Dismantling and Re-assembly of the Rear Hub

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Fig. A32(c). Section through the Rear Hub

The hub is fitted with two ballraces which are a light press fit in the hub shell Remove the dust cap A (Fig. 32(c)). Unscrew and remove the two screwed rings C and M. These rings are left hand threaded, and therefore unscrew clockwise. Remove distance piece F.

Place the wheel spindle through the hub from the offside. Using a hide mallet tap the head of the spindle so as to drive the offside ballrace toward the centre of the hub shell. By this means the brake drum side race wfll be driven out, after which the distance pieces D and H can be removed.

The only part now remaining in the shell will be the offside ballrace which can be driven out with a soft drift.

 

Removal and Dismantling of the Brake Drum

After removal of the rear wheel the brake drum is held in position in the wheel by nut L (see Fig. A32(c)). To remove the drum disconnect the chain and rear brake rod, remove nut J and withdraw the drum.

With the brake drum removed from the frame, the brake drum cover plate, to which are attached the brake shoes, can be withdrawn, together with their fulcrum pin and operating arm.

The brake drum ballrace is held in position in its housing by means of a spring circlip K, which can be removed with the aid of a screwdriver. The re­placement ballrace should be well greased before fitting the washer in place to prevent grease entering the brake drum.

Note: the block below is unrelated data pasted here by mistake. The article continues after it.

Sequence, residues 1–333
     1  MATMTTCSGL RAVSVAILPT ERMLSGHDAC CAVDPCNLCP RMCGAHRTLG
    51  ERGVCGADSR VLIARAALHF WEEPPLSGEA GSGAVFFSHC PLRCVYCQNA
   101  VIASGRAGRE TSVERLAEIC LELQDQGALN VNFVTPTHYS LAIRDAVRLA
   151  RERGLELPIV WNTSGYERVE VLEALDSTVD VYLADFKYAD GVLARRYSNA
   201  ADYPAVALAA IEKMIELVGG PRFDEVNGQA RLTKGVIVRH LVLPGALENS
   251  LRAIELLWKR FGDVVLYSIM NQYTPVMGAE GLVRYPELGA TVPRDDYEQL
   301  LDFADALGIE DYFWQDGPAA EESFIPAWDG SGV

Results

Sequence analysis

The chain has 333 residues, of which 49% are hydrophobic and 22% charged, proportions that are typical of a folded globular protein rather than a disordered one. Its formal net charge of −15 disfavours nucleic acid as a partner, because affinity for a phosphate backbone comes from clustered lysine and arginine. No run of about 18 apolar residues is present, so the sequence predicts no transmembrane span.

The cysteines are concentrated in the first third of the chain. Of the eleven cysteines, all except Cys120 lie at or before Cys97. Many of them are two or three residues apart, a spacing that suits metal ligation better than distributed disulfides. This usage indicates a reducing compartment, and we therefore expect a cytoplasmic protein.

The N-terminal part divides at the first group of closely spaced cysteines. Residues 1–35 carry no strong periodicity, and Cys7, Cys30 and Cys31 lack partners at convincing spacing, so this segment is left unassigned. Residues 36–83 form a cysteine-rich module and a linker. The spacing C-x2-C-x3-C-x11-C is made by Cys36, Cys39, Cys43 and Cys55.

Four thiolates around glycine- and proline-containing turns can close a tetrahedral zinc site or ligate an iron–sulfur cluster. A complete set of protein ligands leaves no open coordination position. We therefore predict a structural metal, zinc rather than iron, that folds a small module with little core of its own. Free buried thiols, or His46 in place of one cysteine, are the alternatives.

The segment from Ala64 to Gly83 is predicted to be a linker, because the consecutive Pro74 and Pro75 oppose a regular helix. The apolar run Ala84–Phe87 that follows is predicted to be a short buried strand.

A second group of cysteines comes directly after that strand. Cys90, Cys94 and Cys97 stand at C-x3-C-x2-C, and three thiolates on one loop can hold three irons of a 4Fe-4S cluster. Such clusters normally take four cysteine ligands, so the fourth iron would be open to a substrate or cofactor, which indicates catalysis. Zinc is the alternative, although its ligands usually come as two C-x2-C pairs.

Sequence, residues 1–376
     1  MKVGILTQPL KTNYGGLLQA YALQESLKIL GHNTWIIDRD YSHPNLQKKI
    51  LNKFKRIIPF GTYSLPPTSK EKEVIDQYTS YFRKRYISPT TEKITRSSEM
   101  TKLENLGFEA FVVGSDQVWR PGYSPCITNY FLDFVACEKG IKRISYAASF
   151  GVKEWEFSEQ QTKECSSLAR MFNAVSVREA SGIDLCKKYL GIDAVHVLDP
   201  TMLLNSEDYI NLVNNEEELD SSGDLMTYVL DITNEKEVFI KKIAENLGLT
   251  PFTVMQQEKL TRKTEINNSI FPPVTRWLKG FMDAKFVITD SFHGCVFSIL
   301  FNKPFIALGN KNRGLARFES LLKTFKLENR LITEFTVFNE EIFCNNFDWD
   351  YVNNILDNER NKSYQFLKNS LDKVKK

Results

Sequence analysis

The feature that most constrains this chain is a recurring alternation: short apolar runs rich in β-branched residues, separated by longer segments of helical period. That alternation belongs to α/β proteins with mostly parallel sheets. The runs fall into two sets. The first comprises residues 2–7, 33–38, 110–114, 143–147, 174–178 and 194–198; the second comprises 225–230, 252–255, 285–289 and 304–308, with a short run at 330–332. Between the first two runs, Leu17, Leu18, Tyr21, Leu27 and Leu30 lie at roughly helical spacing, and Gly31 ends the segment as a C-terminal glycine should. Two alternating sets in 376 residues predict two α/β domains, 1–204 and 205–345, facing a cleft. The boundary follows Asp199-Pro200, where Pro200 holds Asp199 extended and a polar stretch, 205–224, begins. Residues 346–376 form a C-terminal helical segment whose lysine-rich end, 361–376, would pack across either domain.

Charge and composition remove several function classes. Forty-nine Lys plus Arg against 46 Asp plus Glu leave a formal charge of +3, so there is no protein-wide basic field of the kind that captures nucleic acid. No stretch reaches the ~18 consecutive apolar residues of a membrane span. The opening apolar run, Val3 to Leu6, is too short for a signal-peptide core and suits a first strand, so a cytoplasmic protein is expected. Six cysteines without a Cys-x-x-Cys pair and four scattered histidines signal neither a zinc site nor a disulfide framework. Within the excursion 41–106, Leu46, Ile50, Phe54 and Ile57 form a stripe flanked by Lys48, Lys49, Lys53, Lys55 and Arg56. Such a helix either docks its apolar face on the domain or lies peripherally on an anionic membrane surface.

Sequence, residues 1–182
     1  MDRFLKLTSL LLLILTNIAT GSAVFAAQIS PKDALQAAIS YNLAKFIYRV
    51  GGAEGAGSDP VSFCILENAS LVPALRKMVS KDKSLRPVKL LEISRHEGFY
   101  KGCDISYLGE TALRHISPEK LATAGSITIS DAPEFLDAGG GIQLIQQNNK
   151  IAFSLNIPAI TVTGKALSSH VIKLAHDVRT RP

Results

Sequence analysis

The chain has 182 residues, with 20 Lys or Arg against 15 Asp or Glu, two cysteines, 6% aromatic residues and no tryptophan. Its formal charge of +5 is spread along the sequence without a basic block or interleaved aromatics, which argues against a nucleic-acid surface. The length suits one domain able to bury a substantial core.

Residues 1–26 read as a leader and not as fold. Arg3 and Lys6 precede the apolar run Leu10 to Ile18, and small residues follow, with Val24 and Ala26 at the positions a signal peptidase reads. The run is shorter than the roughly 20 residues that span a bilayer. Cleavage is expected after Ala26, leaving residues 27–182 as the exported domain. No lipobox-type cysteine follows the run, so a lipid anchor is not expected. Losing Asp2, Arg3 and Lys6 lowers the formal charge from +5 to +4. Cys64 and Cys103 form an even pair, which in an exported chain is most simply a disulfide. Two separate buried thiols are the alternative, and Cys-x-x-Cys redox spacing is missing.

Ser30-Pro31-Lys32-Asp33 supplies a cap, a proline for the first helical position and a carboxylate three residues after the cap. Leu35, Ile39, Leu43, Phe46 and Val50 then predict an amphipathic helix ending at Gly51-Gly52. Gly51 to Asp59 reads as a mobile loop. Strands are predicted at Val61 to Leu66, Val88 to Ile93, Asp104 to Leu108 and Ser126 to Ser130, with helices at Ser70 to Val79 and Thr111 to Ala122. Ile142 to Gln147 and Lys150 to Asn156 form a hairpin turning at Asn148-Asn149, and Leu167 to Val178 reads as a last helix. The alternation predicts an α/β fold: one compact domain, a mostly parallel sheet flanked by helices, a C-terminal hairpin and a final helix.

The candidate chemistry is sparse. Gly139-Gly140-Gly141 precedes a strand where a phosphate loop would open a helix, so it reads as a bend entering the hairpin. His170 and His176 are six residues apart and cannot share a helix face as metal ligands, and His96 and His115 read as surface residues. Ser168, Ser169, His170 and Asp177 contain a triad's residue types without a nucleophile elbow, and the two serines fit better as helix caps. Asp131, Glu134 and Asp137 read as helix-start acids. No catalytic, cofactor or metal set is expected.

If examination of the brake drum shows that the teeth have become worn and the braking surface scored, a new drum must be fitted. The drum must not be machined to produce a new braking surface. To do so is only a temporary cure and further attention would be re­quired later. The spline bolted to the brake drum should be replaced if there is any play between it and the spline on the wheel hub.

 

Brake Relining

To remove the brake shoes lay the drum cover plate flat on a bench, and lever the shoes upwards. They can then be drawn over, and free of the cam and fulcrum pin. If the cam pads show excessive wear the brake shoes should be renewed. When the brake shoes are removed the linings can be replaced as described

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Fig. A33(c). Rear Chain Adjustment

 

Rear Chain Adjustment

Put the machine on its stand. The rear wheel must be at its lowest point in the suspension unit when the adjustment is made. Undo nut A (Fig. A33(c)) several turns and slacken nut B just sufficiently to allow the wheel to move.

Screw in the adjusters D to tighten the chain. There should be a total up and down movement of half an inch at the centre of the chain span. See that the wheel spindle is up against the adjusters and that the wheels are in line. Check the align­ment by means of a taut piece of string, which should be equidistant from the front and rear of each wheel.

Tighten the large hexagon nut B very firmly. followed by the smaller nut A. Readjust the rear brake.